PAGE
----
From a certain perspective, every season is “the holiday season.” The world is a big place, filled with thousands of different cultures and belief systems, with differenct celebrations happening throughout the year. But more than a few of those land in the month of December, making it as good a time as any to broaden your definition of “holiday music.” This list features albums that are both conventional and abstract in their relationship to the holidays—a sampling of the diverse perspectives on what a “holiday” is, and the associations they have. There are traditional holiday tunes, new holiday standards, religious musics and Dr. Seuss, jingle bell swing and avant-garde clang. This music reflects a sampling of the world’s holidays, and the endless ways to celebrate them.
Ill Considered call their holiday edition of tunes “Yuletide Chimeras.” It’s a clever phrase that’s a gift in its own right. But even more in the spirit of giving is the abounding energy and furious melodicism of the London-based quartet’s interpretations of Western holiday tunes. For those familiar with this thrilling group, don’t fear; they still deliver the sound you’ve come to adore. The long reveries of improvisation, the dynamic rhythmic conversations, the way harmonic convergences are exalted until they become one with all of the surrounding elements. They’re all here, with a bow on ‘em. And if you’re wanting more, check out their 2019 release, Ill Considered 8.
The opening moments of “Ramadan in Space Time” offer few hints of the Cairo Jazz Band’s intoxicating Egyptian swing sound. Salah Ragab starts things out with the chant and beat of the musaharati giving out his pre-dawn call during Ramadan. But before long, the traditional sounds of the springtime holy month make room for the traditional sounds of jazz, and they become as one. This music was recorded at a time that American jazz musicians were expressing their interest in Islam and African roots through the burgeoning spiritual jazz scene. Salah Ragab’s Cairo Jazz Band is proof that the cross-cultural interest extended in the opposite direction, toward NYC and a bop style of jazz.
The movie The Sound of Music has nothing to do with the holidays. But in that curious way pop culture can cause a change in perception, defying all logic, Julie Andrews and the von Trapp family regularly share the broadcast TV schedule with It’s a Wonderful Life and A Christmas Story around this time of year. Equally inexplicable is the fact that John Coltrane’s studio version of “My Favorite Things” is pretty much a staple of any jazz fan’s holiday playlist. And, really, that’s exactly where it should be. The jazz legend generates a warm, celebratory tone that snaps right into place with the holiday spirit of companionship and giving. Coltrane wasn’t the last to perform this tune, but so indelible was his rendition of that lovely melody that it superimposes the ambiance of the holidays on every version that’s followed. So, no jazz-themed holiday music list can be complete without some reference to it. So how about one from Sun Ra, a musician capable of taking music from the temporal plane to the vast reaches of outer space? This 1978 quartet session with saxophonist John Gilmore, trumpeter Michael Ray, and drummer Luqman Ali is plenty enjoyable in any context, but sounds even more appropriate around this time of year.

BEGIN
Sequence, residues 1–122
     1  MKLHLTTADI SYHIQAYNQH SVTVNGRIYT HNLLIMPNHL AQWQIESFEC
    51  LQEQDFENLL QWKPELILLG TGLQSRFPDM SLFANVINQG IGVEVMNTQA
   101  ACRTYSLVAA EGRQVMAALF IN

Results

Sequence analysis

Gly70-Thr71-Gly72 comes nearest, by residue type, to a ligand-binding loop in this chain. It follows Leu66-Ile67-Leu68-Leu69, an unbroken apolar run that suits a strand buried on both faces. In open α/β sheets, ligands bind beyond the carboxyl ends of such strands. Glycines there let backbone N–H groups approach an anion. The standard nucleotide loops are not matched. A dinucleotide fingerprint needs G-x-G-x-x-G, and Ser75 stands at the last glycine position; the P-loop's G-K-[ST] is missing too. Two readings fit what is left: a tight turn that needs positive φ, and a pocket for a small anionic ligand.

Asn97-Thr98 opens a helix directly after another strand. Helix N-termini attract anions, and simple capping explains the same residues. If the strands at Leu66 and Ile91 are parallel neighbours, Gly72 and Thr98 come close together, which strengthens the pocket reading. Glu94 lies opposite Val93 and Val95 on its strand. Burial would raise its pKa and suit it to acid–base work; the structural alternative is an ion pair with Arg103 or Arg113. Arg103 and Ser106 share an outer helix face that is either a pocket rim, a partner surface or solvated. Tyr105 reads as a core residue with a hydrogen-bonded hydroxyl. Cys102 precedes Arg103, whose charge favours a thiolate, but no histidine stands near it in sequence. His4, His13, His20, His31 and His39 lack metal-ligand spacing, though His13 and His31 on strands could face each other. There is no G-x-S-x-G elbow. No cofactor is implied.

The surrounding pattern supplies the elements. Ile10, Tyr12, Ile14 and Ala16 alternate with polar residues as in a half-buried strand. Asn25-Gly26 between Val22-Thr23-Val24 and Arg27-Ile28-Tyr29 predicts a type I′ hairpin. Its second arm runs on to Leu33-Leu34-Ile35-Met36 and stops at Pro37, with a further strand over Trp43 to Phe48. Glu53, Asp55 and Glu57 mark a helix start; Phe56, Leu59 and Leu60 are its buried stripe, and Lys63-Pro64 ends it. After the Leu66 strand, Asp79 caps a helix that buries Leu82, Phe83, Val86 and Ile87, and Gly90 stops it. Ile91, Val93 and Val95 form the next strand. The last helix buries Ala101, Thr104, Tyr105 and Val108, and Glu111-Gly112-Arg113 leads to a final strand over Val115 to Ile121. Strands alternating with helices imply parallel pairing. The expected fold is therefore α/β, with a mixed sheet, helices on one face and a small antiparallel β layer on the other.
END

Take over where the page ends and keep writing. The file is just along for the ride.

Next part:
This collective of musicians from the Truth Revolution label contribute straight versions of holiday classics, interpretive renditions of songs associated with the holidays, and original works intended as a new soundtrack to the holiday season. Re-workings of Nutcracker Suite’s “The Dance of the Sugar Plum Fairy” and Sound of Music’s “My Favorite Things” are positively inspired. Latin music influences abound, adding warmth and excitement to even the more solemn pieces—as do the straight-ahead bop pieces, like Kris Allen’s “O Come O Come Emmanuel.” This album is an example of different people with different perspectives and sounds coming together for the holidays, and its success is so much greater as a result of that sense of community.